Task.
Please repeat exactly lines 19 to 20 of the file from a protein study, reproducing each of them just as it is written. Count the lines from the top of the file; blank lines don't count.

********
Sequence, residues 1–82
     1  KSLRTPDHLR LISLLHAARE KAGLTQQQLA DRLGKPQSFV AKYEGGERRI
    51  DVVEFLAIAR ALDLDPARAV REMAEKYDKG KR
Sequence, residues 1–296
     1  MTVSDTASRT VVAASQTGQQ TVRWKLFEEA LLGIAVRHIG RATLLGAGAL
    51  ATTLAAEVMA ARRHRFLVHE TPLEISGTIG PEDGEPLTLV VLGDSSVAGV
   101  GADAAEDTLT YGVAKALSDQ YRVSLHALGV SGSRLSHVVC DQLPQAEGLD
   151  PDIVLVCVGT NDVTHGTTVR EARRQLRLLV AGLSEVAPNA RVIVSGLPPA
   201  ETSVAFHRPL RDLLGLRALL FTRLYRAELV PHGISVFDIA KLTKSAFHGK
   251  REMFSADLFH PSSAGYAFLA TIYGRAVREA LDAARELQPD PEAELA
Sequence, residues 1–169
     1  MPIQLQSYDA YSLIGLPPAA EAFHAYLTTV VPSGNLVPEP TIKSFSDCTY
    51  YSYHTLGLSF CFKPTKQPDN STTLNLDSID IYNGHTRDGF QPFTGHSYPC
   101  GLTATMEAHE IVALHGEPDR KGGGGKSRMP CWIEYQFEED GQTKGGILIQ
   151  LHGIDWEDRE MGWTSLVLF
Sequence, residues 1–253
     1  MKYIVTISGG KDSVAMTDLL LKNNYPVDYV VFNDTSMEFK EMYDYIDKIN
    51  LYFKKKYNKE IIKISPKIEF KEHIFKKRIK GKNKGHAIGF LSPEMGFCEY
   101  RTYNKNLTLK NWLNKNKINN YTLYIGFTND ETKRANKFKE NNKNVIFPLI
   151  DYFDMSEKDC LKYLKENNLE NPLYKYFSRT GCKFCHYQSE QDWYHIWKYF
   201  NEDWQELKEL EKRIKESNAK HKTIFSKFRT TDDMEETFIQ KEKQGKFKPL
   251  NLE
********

   101  RTYNKNLTLK NWLNKNKINN YTLYIGFTND ETKRANKFKE NNKNVIFPLI
   151  DYFDMSEKDC LKYLKENNLE NPLYKYFSRT GCKFCHYQSE QDWYHIWKYF